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Mediation over: second phase of planning begins for redesign of Tom Lee Park on Memphis riverfront

MEMPHIS, Tenn. (localmemphis.com) – UPDATED: Months of meetings are over. Now, a new framework is in place for a redesigned Tom Lee Park and Memphis In Ma...

MEMPHIS, Tenn. (localmemphis.com) – UPDATED: Months of meetings are over. Now, a new framework is in place for a redesigned Tom Lee Park and Memphis In May to exist alongside each other.

After the Memphis River Parks Partnership’s proposed changessparked concern from Memphis In May and other groups earlier this year, city ofMemphis-ordered mediation looked to find common ground.

Among those agreements hashed out: Riverside Drive will remainfour lanes, a city committee will oversee future design and construction andfor the first time, specific dimensions were laid out of what can go where onthe 30 acres of greenspace.

There’s a new blueprint ahead, as proposed renderings of Tom LeePark on the Memphis riverfront will now be reworked. This after monthsof mediation created new restraints to fit wildlife and rolling hills aroundthe open space used each year for Memphis in May events.

“They are excited to get restarted on the design of the park,”Carol Coletta with the Memphis River Parks Partnership said.

The mediation came about after those with Memphis In May and othergroups voiced concern earlier this year after the release of those drawings.

Out of those meetings, both sides agreed to their own spaceparameters so a redesigned Tom Lee Park can peacefully coexist with Memphis InMay festivities.

“We always wanted to see improvements to the park, but we wantedto make sure those improvements were such that it protected the space of whatwe do in the park,” Robert Griffin with Memphis in May said.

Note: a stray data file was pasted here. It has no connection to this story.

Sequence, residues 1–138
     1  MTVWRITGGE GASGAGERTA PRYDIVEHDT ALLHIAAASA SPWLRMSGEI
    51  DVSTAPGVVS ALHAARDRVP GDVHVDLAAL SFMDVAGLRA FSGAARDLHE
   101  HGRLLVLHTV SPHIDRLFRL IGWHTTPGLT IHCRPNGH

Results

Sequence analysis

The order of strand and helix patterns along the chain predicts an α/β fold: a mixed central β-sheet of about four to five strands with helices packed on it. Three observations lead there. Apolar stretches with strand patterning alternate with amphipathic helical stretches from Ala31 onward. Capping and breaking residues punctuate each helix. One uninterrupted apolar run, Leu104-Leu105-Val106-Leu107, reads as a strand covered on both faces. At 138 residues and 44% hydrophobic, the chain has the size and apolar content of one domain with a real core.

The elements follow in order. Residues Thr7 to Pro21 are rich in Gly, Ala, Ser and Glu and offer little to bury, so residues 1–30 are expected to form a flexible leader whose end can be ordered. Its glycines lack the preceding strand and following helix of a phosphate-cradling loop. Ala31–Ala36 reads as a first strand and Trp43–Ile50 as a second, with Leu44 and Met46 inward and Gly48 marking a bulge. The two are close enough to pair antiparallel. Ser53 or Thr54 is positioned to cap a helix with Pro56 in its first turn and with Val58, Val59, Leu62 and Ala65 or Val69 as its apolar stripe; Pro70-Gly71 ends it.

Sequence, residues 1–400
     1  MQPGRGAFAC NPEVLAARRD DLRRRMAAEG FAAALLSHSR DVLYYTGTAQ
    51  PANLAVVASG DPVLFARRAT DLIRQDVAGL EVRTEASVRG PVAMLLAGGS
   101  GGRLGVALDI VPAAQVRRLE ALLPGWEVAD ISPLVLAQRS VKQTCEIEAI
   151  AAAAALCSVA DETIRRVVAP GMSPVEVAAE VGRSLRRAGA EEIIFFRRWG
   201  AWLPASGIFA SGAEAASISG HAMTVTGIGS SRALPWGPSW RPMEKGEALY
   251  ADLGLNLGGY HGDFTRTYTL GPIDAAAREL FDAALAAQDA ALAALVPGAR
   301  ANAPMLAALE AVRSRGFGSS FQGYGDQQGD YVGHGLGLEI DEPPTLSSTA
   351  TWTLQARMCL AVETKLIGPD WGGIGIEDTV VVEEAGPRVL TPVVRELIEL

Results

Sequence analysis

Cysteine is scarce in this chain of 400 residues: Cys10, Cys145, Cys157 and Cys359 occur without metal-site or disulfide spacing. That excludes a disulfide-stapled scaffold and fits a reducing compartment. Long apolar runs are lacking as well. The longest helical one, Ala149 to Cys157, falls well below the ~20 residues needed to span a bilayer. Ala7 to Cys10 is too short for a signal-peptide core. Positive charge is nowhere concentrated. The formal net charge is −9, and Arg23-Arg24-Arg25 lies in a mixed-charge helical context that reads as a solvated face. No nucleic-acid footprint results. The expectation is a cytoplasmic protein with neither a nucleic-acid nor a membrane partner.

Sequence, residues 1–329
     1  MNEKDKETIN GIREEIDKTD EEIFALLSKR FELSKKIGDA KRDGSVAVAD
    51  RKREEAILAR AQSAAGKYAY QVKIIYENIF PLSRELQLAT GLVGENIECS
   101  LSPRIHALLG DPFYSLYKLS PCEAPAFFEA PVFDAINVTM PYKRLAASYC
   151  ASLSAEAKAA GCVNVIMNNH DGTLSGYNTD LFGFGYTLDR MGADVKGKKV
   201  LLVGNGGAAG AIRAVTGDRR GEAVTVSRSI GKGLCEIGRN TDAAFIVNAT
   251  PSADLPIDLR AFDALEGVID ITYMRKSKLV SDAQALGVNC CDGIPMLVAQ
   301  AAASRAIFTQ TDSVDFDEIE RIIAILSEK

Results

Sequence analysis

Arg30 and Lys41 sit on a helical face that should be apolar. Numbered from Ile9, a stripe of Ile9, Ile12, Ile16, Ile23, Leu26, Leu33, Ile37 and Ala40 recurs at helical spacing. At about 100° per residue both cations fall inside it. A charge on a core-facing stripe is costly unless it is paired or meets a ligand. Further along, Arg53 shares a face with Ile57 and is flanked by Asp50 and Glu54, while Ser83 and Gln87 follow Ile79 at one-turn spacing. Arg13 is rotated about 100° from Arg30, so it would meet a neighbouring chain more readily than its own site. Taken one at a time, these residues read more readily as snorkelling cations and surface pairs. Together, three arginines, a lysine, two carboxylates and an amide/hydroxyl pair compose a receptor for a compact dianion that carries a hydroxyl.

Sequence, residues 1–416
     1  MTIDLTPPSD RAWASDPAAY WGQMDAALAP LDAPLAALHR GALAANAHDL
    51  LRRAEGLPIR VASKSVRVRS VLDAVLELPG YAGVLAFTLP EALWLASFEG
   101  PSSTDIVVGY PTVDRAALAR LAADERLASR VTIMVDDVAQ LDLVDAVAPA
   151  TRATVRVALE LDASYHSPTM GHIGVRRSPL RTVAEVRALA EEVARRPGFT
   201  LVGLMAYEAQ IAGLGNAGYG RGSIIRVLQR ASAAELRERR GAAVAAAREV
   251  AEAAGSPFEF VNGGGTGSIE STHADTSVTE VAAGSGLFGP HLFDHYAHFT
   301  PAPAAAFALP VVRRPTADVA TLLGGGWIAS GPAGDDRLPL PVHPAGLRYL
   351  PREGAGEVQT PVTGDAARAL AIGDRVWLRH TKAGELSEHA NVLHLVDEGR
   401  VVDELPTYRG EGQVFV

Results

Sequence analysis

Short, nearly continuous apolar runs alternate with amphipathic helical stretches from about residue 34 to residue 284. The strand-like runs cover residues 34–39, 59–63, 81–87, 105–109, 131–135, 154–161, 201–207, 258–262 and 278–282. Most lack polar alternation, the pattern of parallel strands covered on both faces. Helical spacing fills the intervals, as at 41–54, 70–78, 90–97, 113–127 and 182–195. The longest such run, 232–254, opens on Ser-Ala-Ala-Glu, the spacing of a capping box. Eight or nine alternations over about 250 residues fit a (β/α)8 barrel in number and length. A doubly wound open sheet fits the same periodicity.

Those with the Memphis River Parks Partnership said they plan tostart construction after Memphis in May wraps in the spring.

Those on both sides of Tom Lee Park’s future face said they’resatisfied moving forward.

“I think the park has only grown better and it gives us a littlemore time to think about things,” Coletta said.

“While we will have a reduction in space, we think it’s areduction that will still allow us to have long-term viability,” Griffin said.

Memphis In May will remain at Tom Lee Park in 2020 and officialsare scouting possible locations of where to set up the 2021 events before themonth-long festival returns to the park in 2022.

The U.S. Army Corps of Engineers must also review and sign off onany redesign of the greenspace along the Mississippi River.

Read the agreement regarding the Tom Lee Park design HERE.

Below in the release from the City of Memphis and Mayor JimStrickland:

As you may recall, earlier this year, I asked the Memphis River Parks Partnership (MRPP) and Memphis in May (MiM) to enter mediation to resolve their differences on how we improve Tom Lee Park. After months of hard work, the mediation between MiM and MRPP has concluded! 

I’m pleased to say that this was a successful process, and I would like to thank both MiM and MRPP for their diligence as we worked to find a mutually beneficial solution. We now have a clear direction not just for the designers of the park, but also a process for review and approval by the City of Memphis and the Army Corps of Engineers before any construction can begin.  

A few key take-aways:

1. Memphis in May will be held in Tom Lee Park in 2020. In 2021, it will be held at an alternate site to accommodate construction in the park. The festival will return to the park in 2022 and will be at home there for years to come.

2. Riverside Drive will remain a four-lane street. We will incorporate speed-limiting designs in the final product, because we want the street to enable better access to the park.

3. In addition to providing new amenities for citizens, the proposed renovations to Tom Lee Park will improve the infrastructure for Memphis in May.

4. No City money from our general fund or capital improvement budget will be used — meaning that not a cent of this will impact service delivery like Police and Fire. The City is routing $10 million in sales taxes in the Tourism Development Zone (TDZ) that would otherwise have gone to the State of Tennessee. The remaining money for the park would come from Shelby County, the State of Tennessee, and private sources.

My vision is, and always has been, to craft a better Riverfront for all Memphians—one in which our citizens and the thousands of tourists who come to our city can get the full benefit of the park the other 11 months of the year. That includes an improved Tom Lee Park and a better-than-ever Memphis in May. With this compromise, I believe we’ve accomplished that.

-Mayor Jim Strickland

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